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Director's Update
Mike Harryman

Director’s update 

September is National Preparedness Month, a time to reflect on past emergencies, lessons learned and to continue planning for the future. FEMA’s campaign, “Today is the Day Before: Are you ready for tomorrow?” highlights the need for remembering past mistakes in order to be more successful in the future.
On December 17, 1964, the 57-man Oregon State football team flew to the Rose Bowl to face Michigan. With Oregon playing in the bowl rather than a team from California, Oregon was expecting a hostile crowd. On December 18, 1954, after heavy snowfall and record rains, Central Oregon was swamped with a once-every-thousand-years flood. More than 30 bridges became impassable and sections of Salem’s surrounding highways were under water. Water pressure from sewers shot gushing waste water out of manholes. More than 100 patients were evacuated from a hospital. After floodwater swamped a sewage treatment plant, raw sewage began flowing into the Willamette River. One man died when a bridge collapsed. The National Weather Service called it “the most severe rainstorm” in Central Oregon’s history. This emergency highlights the need for reflection and preparation. Today is the day before: are you ready for tomorrow?
As most of you are aware, we are facing the worst fire season since 2002 — public health programs are coordinating risk communications of droughts, fires and waterborne outbreaks as I write. I would like to take a moment to thank the other state agencies for their leadership during the current fire fighting efforts, namely the Department of Forestry and the State Fire Marshall’s Office. I would also like to thank Baker, Douglas and Josephine county staffs who have put in the many hours to support their whole communities. This shows that community resiliency isn’t something being talked about, but it really is happening. 
September also begins the HSPR Program’s annual preparedness conference. The CDC liaisons have been working hard to organize a blockbuster conference. The goal for the conference is coordinating across jurisdictions and ensuring local health authorities, the tribes, hospital partners and other key community partners know who to contact, and how and when to reach back to the state. I hope you can join us September 11–13 in Central Oregon. For more information on sessions or conference logistics, please contact Justin Schumacher or Tiffany Stafford.
As summer ends, the fall begins and it’s time to start preparing for winter storms and flooding. The Health Security, Preparedness and Response (HSPR) Program is reviewing plans and procedures to prepare for any winter storm activations. The HSPR communications team has been busy working with other key public health programs to review the Risk Communication Toolkit for Flooding. If you have any feedback on last year’s messaging or have questions about risk communications, please contact Kathleen Vidoloff. The more planning we can do now, the more successful our response will be and the more likely it will successfully protect the public’s health.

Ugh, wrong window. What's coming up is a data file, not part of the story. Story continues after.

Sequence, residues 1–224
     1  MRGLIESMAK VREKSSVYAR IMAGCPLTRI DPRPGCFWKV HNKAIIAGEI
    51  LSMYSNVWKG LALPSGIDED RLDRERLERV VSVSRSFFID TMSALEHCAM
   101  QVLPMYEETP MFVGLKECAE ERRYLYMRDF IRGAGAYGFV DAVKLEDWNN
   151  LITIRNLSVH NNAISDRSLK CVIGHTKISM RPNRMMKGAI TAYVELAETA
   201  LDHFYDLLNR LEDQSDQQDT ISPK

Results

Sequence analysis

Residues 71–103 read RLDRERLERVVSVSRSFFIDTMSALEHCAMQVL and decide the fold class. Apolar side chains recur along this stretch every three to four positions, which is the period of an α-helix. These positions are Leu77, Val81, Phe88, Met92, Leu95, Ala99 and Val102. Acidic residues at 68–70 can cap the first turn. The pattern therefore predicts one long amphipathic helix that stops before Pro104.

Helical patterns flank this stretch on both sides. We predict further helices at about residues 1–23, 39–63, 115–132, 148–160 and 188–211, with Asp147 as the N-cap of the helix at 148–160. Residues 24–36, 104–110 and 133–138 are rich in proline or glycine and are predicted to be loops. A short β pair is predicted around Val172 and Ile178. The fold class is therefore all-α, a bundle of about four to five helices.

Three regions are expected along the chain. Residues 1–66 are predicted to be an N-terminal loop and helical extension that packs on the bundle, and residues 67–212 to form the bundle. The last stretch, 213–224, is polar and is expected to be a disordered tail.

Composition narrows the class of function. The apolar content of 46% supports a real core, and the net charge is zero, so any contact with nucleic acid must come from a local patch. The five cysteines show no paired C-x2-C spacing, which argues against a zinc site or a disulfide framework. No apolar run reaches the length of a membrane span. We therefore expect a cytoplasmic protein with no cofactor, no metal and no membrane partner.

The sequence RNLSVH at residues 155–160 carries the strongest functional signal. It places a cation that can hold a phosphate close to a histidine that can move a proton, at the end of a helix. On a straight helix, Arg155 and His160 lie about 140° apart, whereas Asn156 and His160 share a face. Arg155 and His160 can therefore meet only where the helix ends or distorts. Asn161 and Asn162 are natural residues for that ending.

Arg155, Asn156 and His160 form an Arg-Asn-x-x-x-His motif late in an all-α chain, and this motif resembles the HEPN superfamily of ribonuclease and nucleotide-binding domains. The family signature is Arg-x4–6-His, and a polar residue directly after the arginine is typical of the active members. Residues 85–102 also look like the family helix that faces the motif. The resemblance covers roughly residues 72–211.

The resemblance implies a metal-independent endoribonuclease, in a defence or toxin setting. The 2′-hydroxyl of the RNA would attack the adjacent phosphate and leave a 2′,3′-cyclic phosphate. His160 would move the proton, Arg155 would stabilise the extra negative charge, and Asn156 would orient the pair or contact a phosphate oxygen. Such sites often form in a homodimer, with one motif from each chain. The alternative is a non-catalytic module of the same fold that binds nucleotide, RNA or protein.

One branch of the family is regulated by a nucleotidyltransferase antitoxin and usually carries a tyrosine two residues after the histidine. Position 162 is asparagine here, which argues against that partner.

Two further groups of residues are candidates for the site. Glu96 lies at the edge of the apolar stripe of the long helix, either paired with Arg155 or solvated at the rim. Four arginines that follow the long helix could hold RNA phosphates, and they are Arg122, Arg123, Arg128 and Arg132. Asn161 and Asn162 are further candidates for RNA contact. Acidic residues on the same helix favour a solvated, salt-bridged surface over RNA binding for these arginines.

For us to be able to do preparedness work in Oregon, we work closely with the Assistant Secretary for Preparedness and Response (ASPR) and Centers for Disease Control and Prevention (CDC) to manage grants and follow through with key deliverables. We received our final budget numbers and were not surprised by the numbers. CDC and ASPR projected some losses, for which we had been planning.  Overall, Oregon saw reductions in our preparedness grants, the CDC’s Public Health Emergency Preparedness reduction (PHEP) was 4.91%, in the Cities Readiness Initiative (CRI) it was 8.07%, and in ASPR’s Hospital Preparedness Program (HPP) the reduction was 5.47%. These reductions caused us to make difficult decisions, but working with public health leadership, Conference of Local Health Officials, the tribes, and our health care coalition preparedness partners, we are able to focus our work efforts now on “Surge Management.” This work will be the primary focus of both PHEP and HPP so that we can continue to develop partnerships, update plans, and conduct training and exercises that improve our overall state resiliency.  
A key deliverable Richard Leman has been leading is the Crisis Care Strategies plan. The Crisis Care plan would be used in the event that a disaster overwhelmed local authorities and hospitals. Several focus groups have met to discuss and provide feedback on the recommendations. We also value your input and would like you to provide us with feedback on the recommendations. Please visit our preparedness month page and submit your comments.
We have a great issue this month! Make sure to check out the stories on the 2013 PACE Setter exercise, the history of preparedness, Randy Shaw’s retirement, and Crook County’s national preparedness award.
Mike Harryman
Next: Crook County Health Department of the Year